In Moldova meanwhile, the president of the government’s top media regulatory body took the unprecedented step of issuing an emergency decree ordering all media not to print or broadcast any “personal opinions” about COVID-19 during the state of emergency.
Instead, the body said, all reporting on the virus should convey only the official position of the Moldovan authorities – a suggestion met with immediate condemnation by the country’s media professionals and journalist association.
Rather than reversing the decree immediately, the Broadcasting Council president defended the order, saying outlets should only renounce “unapproved” opinions. The decree has since been reversed due to mounting pressure.
However, the country’s Security and Intelligence Service (SIS) also ordered 52 different websites allegedly disseminating fake news about the coronavirus to be blocked.
Some European governments have also moved to restrict media access to “authorized” COVID-related information.
In Serbia, where President Aleksandar Vučić has implemented some of the toughest coronavirus-related restrictions in Europe, the government moved to centralize all information about the virus.
Among them was a decree which would penalize local institutions from releasing information to media about the coronavirus outbreak that was not “authorized” by authorities in Belgrade.
The directive, which has now been reversed by the prime minister, was partly responsible for the arrest last week of Serbian journalist Ana Lalić of online news portal Nova.rs, who wrote about conditions for staff dealing with COVID-19 in a city hospital.
In Romania, the emergency legislation included a provision doubling the amount of time state institutions have to answer Freedom of Information (FOI) requests. Since then, media have reported that local institutions have refused to provide information, citing the new rules.
In Bulgaria, a similar move to double FOI request deadlines was strongly criticized by press freedom groups. In Moldova meanwhile, the time given to authorities to respond has been tripled from 30 days to 90.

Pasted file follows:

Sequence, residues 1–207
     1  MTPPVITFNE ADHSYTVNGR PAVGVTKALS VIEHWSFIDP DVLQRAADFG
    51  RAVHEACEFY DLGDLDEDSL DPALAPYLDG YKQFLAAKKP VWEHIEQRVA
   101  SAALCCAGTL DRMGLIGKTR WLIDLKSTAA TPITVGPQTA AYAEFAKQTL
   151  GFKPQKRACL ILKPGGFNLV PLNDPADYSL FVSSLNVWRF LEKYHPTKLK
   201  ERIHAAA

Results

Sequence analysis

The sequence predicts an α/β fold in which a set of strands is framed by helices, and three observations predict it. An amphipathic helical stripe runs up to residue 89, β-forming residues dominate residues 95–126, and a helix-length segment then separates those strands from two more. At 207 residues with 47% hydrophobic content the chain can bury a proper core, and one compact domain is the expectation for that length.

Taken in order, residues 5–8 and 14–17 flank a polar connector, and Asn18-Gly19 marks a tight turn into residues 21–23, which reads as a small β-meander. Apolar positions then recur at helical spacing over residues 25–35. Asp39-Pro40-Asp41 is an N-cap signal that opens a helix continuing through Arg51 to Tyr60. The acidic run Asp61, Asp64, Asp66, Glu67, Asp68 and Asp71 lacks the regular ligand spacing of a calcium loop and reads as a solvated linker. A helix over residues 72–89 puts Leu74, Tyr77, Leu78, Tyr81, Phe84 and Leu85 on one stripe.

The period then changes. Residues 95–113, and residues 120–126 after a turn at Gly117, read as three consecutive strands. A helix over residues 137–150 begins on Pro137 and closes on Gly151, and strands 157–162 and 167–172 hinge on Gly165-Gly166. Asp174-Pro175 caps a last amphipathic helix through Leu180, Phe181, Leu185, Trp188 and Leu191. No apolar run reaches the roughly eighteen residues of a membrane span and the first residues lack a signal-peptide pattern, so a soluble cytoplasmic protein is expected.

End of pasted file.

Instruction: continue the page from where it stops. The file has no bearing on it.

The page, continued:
Elsewhere journalists are facing other blocks on access to officials. In Spain, several of the country’s leading media outlets have joined together to denounce what they call the “censorship” of journalists trying to ask questions during the prime minister’s press conferences.
Similar restrictions on the ability of media to question decision-makers over the government’s handling of the virus have been reported in the Czech Republic, Bosnia and Herzegovina and Slovenia.
“The best way to combat disinformation is to let independent media do their job and to guarantee journalists’ access to decision-makers and information related to the crisis”, IPI Deputy Director Scott Griffen said. “Instead, governments across central and eastern Europe are hindering the press’s ability to inform the public about the virus and are equipping themselves with laws that can be used to quash scrutiny.”
Griffen warned that Europe sits at a criminal juncture and risks doing permanent damage to its democratic structure unless disproportionate measures affecting media freedom are rapidly rolled back, citing so-called “fake news” laws as a major concern.
In recent weeks, IPI has called on leaders within the European Union and Council of Europe to take action to ensure press freedom is guaranteed as states strive to tackle the COVID-19 pandemic.
“Unless we push back strongly against power grabs and measures that can be used to suppress the work of journalists, media freedom in Europe could emerge from this crisis in a much poorer state of health to how it entered”, Griffen said.